Nouvelle Caledonie

We visit New Caledonia for New Years. Unlike Condy Rice, of whom a BBC correspondent, speaking from Jerusalem, said recently, “She’s coming so that she’s come, if you like,” we have an idea. We’re on holiday to discover something, tourists with time to detour.

It’s almost thirty years since I was last here, when I traveled with a bunch of legation kids under the auspices of Alliance Francais.

From back then, I remember being shocked to find at the bottom of the garden of the family with whom I stayed, a garden I was never meant to venture to the bottom of, the lady who did the cleaning with her family living in a small tin shack. They were preparing their evening meal.

The family who billetted me at weekends – during the week we stayed in an institutional dormitory that reeked of sour cabbage and sweet disinfectant – were white French, called with appreciable irony the Browns, les Bruns.

I was as shocked by the cleaning lady’s embarrassment at being discovered as I was at the existence of a colonial divide. I never mentioned it to Mme le Brun.

The commonplace about New Caledonia has it that the indigenous peoples, the Kanaks or Kanaky, have won some kind of reprieve from French colonialism, the hand of the French having been turned during the 1980s in a very French form of public action, manned barricades. Now the islands comprising New Caledonia are known as a TOM not a POM, that is, as a territory, Territoire, rather than a principality, Principalite, d’Outre Mer – a phrase with its own baggage, its own typicality.

We are struck by the visibility of the Kanak population and by its diversity. Another thing strikes us: a mood, an edge on the streets, to the streets. What is represented to us is one thing – an anti-French sentiment, however prevalent a general Frenchness – and what gets us and stimulates us to want to find out what’s really going on is our inability to read the street, to recognise in the faces either a desire to harm or help.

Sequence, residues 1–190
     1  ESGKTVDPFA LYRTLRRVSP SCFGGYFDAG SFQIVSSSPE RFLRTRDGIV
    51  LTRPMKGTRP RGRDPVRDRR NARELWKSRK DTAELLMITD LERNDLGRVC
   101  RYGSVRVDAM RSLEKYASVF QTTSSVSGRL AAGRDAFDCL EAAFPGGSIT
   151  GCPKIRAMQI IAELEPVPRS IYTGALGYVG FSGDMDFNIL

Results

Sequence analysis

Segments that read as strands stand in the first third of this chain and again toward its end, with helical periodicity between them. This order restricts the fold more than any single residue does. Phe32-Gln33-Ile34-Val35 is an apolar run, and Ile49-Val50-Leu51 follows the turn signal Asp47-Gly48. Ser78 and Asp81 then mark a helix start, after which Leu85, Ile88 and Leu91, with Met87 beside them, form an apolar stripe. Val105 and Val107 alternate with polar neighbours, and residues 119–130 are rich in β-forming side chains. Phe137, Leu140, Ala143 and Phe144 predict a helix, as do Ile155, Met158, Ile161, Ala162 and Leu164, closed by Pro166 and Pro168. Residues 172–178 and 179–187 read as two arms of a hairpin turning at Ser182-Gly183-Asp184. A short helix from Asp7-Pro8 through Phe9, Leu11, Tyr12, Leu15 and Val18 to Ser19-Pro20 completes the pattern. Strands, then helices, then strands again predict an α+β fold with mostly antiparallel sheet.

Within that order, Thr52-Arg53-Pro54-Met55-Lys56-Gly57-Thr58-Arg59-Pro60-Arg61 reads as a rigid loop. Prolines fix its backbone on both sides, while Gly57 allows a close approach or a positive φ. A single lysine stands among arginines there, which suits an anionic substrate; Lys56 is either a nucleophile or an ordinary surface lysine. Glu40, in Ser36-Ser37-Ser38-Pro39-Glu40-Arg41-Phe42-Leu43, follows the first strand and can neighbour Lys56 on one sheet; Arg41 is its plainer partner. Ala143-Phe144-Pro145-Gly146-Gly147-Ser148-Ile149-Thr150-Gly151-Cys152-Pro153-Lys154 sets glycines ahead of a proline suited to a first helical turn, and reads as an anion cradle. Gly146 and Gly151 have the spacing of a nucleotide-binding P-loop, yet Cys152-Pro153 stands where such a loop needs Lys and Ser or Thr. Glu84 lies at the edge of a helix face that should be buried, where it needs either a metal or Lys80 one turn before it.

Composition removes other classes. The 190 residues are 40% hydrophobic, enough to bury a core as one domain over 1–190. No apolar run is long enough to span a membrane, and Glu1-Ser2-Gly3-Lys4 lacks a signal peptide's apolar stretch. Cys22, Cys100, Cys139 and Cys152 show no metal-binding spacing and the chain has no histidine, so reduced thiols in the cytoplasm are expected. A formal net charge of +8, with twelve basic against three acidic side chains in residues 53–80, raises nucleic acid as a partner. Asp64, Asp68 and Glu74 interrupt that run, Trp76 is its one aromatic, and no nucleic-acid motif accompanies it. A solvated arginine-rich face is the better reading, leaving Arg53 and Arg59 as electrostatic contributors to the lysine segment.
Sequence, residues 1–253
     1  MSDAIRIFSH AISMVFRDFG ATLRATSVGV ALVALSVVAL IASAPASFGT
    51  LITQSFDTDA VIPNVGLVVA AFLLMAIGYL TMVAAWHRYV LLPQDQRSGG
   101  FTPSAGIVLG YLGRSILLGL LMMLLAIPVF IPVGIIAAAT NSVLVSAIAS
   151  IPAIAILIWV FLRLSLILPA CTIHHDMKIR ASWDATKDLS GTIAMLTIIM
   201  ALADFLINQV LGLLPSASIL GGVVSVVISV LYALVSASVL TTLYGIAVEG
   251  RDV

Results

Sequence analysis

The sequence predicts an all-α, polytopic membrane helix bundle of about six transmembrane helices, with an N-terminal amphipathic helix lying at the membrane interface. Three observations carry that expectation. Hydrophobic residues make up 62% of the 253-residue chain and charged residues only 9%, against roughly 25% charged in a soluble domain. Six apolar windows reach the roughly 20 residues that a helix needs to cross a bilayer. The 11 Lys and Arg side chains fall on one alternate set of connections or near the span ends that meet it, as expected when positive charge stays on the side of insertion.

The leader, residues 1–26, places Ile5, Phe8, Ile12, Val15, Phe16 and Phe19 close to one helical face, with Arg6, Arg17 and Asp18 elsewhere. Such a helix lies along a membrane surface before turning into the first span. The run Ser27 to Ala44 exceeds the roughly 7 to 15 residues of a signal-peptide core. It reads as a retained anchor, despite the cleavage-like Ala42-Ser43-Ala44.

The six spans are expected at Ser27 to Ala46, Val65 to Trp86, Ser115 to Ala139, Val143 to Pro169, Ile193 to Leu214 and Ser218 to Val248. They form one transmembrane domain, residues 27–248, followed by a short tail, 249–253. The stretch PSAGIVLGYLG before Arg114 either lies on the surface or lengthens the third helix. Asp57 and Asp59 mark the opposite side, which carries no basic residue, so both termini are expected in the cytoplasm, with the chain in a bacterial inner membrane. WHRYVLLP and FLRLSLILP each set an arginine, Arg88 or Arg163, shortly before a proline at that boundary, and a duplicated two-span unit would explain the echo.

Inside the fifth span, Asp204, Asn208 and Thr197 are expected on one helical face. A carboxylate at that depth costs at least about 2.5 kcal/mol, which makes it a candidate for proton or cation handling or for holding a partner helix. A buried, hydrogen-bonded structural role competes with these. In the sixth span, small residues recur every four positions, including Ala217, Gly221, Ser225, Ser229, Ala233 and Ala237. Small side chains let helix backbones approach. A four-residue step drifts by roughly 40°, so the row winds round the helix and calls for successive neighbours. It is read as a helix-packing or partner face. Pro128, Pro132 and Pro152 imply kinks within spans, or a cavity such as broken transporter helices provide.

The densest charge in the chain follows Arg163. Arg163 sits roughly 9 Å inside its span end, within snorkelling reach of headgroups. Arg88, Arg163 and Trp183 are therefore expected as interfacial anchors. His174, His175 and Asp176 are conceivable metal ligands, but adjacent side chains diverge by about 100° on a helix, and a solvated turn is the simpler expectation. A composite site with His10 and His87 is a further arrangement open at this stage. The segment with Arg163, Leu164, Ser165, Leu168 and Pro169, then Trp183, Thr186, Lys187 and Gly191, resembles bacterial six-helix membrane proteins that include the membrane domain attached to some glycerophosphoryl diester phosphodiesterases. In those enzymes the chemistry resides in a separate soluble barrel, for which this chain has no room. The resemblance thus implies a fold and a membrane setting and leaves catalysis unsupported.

We are after all identified with the problem and its French solution: occupation and the maintainance of an economic underclass, the Kanaky, in which scheme tourism plays its part, supporting both local business and the status quo.

In this spirit, we are approached one day in the Place des Cocotiers by a Kanak man who has picked us for Australians. But what does he really want?

Edouard turns out to be neither Kanak nor to subscribe to the illusion of there being such a thing. He comes from the Loyalty Islands. During the ’80s he was imprisoned in Paris, where he studied, for voicing anti-French-government sentiment.

Let’s not say Kanak, he says. I tend to agree. I’ve read pamphlets and articles that state that there are sixty to eighty languages specific to these islands and their peoples.

I ask him why everything is so expensive. Globalisation, he says. Economic neocolonialism, I say. Of course it is, he says.

Why don’t the French simply leave? I ask. They’re in the minority.

Nickel, he says. For Airbus. The problems you see here are ten times worse back in France. What’s the solution? Independence. It may take ten, twenty or fifty years but it will come, he says.

So there’s another commonplace: the raping of New Caledonia’s mineral assets and their economic return is the reason the French remain. But under it is another reason: the replication of conditions of coloniality or neocolonialism-globalisation fracturing French society. However bad the political situation for the French is in the Pacific, it’s still warm here and preferable to experiencing the same symptoms back in France.

But the really curious thing is that when we ask Edouard what we should see while in New Caledonia his first advice is the same as that given by the tourist brochures. Tjibaou, Centre Culturelle.

Tjibaou, designed by Renzo Piano, is both a Pacific architectural and cultural landmark – in the colonial sense as well – and a memorial to Jean-Marie Tjibaou, a permanent exhibition to whose life-story occupies one of Renzo Piano’s beautiful rising weather-eaten hulls. There are ten of these impressive wooden structures, pictures of which do not convey the lack of structural integration with the main exhibition halls and foyers.

Tjibaou is a song of praise and encouragement to the idea of a distinctively New Caledonian culture – a culture of Kanaky. Designed by an Italian.

Jean-Marie Tjibaou, from the island of Lifou, was assassinated. The exhibition memorialising him has this strange elision: it does not state by whom he was assassinated.

Tjibaou, the man, is presented as a visionary, his vision being the integration of the indigenous peoples and cultures of New Caledonia under the collective title of ‘Kanaky’, an ideal. I can’t help thinking of Tjibaou and of the ideal of Kanaky as a compromise, of the acceptance of it in principle by the French as a mollifying gesture.

This is going on then. And I have this question: Is it actually incumbent on the dominant culture, the French in this case, to show a way forward? to perhaps lead with the example of a French Pacific culture? before there is even the possibility of – as it has been termed in New Zealand – a ‘renaissance’ (renaissances) in the culture of the indigenous peoples?